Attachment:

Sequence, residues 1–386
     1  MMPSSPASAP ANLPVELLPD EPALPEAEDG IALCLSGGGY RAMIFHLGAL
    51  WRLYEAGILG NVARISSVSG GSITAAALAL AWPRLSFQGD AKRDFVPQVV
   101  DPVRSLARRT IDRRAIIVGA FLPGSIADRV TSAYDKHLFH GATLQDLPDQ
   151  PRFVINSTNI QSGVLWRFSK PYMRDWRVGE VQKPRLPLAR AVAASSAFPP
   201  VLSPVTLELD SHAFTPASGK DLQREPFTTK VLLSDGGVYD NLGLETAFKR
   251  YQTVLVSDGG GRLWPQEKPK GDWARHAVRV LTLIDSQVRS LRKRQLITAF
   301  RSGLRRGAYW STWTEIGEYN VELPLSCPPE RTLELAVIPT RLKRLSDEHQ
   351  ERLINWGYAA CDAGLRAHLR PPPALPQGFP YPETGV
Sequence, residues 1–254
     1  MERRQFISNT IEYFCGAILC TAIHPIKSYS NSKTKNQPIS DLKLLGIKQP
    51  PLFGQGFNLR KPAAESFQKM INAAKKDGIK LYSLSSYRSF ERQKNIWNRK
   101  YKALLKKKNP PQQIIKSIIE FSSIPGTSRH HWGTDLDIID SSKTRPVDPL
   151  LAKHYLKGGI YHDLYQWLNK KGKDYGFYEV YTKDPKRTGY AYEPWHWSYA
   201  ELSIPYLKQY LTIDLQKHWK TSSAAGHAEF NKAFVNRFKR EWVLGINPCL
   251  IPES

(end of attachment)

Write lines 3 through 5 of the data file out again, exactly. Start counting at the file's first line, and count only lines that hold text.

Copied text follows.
    51  WRLYEAGILG NVARISSVSG GSITAAALAL AWPRLSFQGD AKRDFVPQVV
   101  DPVRSLARRT IDRRAIIVGA FLPGSIADRV TSAYDKHLFH GATLQDLPDQ
   151  PRFVINSTNI QSGVLWRFSK PYMRDWRVGE VQKPRLPLAR AVAASSAFPP